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Holston grant provides face masks for 2,500 in East Africa

People living in Rhino refugee camp in Uganda model their new face masks, provided by United Methodist churches.

More than 2,500 people in East Africa now have some protection from spreading COVID-19, due to a United Methodist effort to distribute face masks, sanitizer and gloves through pastors.
Jaka Joice, mission supervisor for the United Methodist Church in South Sudan, proposed the health project in early October. By mid-November, Joice had led an effort to distribute 2,584 masks, 34 large bottles of sanitizer, and 17 boxes of gloves to congregations in Uganda, South Sudan, and Congo.

“People were very happy to receive the masks, and they arrived very timely when [coronavirus] is spreading very rapidly in Uganda with many rampant deaths,” Joice said in an email.
According to Johns Hopkins University and Medicine, Uganda experienced a record daily high of COVID-19 deaths with 14 on Nov. 6. Uganda recorded a record daily high of new coronavirus cases with 1,859 on Dec. 9.

Joice and other South Sudanese United Methodists are currently living as refugees in Uganda, many in camps, to be safe from civil war and violence in their home country. Joice is currently based in Arua, Uganda. She works with mission leaders in the Holston Conference, which has partnered with the United Methodist Church in South Sudan (based in Yei) since 2006.
Jaka Joice displays the masks and sanitizer.

Joice received a $1,868 grant from Holston’s South Sudan Ministry Team to get the masks made and to buy sanitizer and gloves.

“We delivered the masks to our regional pastors, and they in turn delivered the masks to the churches within their region,” Joice said.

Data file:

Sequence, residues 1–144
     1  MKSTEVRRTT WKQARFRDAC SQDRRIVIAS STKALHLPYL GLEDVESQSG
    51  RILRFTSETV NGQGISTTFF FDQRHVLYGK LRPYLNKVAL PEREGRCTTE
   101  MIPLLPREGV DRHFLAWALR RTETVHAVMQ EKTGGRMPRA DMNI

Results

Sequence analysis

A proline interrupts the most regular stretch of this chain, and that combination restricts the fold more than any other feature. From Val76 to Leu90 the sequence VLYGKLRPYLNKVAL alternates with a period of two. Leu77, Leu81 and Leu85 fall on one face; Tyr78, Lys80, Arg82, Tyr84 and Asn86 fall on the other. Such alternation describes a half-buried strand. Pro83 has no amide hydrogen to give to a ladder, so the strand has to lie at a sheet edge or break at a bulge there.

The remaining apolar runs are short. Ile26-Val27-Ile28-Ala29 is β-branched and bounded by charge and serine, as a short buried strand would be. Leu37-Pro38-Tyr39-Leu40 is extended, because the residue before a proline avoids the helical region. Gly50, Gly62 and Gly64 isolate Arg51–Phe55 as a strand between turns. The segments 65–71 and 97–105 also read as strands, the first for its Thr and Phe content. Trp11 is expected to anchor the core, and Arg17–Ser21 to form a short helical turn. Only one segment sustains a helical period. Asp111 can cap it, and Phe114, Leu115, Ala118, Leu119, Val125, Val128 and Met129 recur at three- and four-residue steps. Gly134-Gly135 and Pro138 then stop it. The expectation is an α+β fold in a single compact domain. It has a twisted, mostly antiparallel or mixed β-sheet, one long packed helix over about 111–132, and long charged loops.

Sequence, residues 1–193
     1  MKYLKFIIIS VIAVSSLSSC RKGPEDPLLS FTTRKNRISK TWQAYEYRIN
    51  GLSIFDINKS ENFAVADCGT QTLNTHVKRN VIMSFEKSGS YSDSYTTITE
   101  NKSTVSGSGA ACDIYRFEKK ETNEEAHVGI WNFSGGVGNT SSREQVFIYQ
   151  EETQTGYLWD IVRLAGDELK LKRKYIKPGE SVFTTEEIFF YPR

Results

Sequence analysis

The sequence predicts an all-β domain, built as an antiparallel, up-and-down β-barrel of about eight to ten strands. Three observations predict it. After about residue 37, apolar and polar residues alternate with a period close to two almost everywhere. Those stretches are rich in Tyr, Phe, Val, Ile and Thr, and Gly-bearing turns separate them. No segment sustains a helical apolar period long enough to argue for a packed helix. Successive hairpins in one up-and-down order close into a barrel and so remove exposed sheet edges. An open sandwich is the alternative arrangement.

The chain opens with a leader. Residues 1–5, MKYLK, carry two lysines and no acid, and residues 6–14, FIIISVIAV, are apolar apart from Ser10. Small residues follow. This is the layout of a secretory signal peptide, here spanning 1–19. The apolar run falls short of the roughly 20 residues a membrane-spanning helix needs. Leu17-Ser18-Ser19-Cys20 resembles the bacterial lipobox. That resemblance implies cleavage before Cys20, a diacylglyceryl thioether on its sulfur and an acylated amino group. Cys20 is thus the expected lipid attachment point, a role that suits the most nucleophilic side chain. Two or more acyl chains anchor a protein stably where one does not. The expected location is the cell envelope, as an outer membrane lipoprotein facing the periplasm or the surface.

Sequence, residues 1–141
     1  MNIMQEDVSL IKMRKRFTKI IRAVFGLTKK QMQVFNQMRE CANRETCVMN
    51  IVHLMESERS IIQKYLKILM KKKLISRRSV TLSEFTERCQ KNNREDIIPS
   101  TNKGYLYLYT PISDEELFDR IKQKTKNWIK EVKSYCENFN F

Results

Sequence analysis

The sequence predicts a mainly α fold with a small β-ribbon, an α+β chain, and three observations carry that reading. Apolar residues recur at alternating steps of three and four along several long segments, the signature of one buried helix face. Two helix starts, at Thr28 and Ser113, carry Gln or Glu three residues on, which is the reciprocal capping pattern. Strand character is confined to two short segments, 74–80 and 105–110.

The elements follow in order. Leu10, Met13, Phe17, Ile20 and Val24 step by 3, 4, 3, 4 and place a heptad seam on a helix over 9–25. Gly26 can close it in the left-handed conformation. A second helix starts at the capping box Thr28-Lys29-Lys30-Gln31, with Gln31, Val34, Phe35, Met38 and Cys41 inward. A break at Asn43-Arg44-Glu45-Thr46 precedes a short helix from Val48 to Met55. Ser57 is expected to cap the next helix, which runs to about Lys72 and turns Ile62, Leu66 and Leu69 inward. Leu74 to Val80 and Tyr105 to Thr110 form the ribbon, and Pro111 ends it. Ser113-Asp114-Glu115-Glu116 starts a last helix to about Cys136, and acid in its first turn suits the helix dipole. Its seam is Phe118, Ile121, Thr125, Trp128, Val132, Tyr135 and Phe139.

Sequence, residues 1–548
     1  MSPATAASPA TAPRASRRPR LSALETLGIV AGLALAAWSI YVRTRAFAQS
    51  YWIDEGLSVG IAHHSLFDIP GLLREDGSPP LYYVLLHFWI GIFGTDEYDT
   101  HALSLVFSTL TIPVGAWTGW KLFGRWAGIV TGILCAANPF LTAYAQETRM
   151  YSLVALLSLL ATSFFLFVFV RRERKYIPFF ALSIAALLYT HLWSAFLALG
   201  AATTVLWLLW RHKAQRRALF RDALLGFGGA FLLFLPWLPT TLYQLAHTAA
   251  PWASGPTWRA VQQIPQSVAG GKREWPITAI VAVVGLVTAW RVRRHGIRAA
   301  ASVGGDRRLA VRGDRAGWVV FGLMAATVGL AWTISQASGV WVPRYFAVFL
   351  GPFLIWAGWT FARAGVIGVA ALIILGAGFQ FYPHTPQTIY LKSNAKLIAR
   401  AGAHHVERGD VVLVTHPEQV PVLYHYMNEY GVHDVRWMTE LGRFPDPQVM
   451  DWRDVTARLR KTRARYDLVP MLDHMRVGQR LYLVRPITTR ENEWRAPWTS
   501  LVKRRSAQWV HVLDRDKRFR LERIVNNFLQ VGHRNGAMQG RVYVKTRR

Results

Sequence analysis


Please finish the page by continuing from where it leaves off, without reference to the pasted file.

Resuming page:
Seventeen congregations received the supplies, including six in Imvepi Refugee Settlement, three in Bidibidi Refugee Settlement, and four in Rhino Camp, all in Uganda.

In addition, masks and supplies were distributed to three churches in Yei, South Sudan, and one church in the Democratic Republic of Congo. United Methodist staff and 46 orphans in Grace Home for Children also received masks.

“We received these masks at a time when the corona insurgence is at the rise, and everyone feels obliged to take care of themselves and the persons around them,” Joice said. “It is mandatory for all worship leaders to use masks and including the congregation.”

On Sept. 21, Uganda President Yoweri Museveni reopened churches after six months of a nationwide lockdown to mitigate the spread of COVID-19. Museveni allowed places of worship to reopen as long as worshippers wear face masks, sanitize, and sit at a distance from each other.

Danny Howe, chair of Holston’s South Sudan Ministry Team, sent an email to Joice, thanking her and other United Methodist staff for their mission.

“This is an awesome report and great work toward meeting the requirements and safety measures so that the 17 churches can return to in-person ministry,” Howe said. “It is very impressive and shows the determination of the leadership of the UMC.”

The new black cloth masks replace the cardboard masks that children were wearing in a photo accompanying a story in The Call last summer. Joice said many resorted to the homemade masks in the earlier days of the pandemic because other masks weren't available.
The Rev. Fred Dearing, a retired Holston clergy member who served as district superintendent for the United Methodist Church in South Sudan, asked Joice to thank all who helped make the health project possible. “We pray that the use of the masks produced, the ability to remain safely distanced, and God’s grace will soon alleviate the need for all of us to wear masks and stay apart.”
Rev. Fabian Duli holds a bag of masks in Bidibidi Camp.

To support Holston's mission partnership with South Sudan, you may give online or send checks to: Holston Foundation, P.O. Box 900, Alcoa, TN 37701.
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Holston Conference includes 853 United Methodist congregations in East Tennessee, Southwest Virginia, and North Georgia.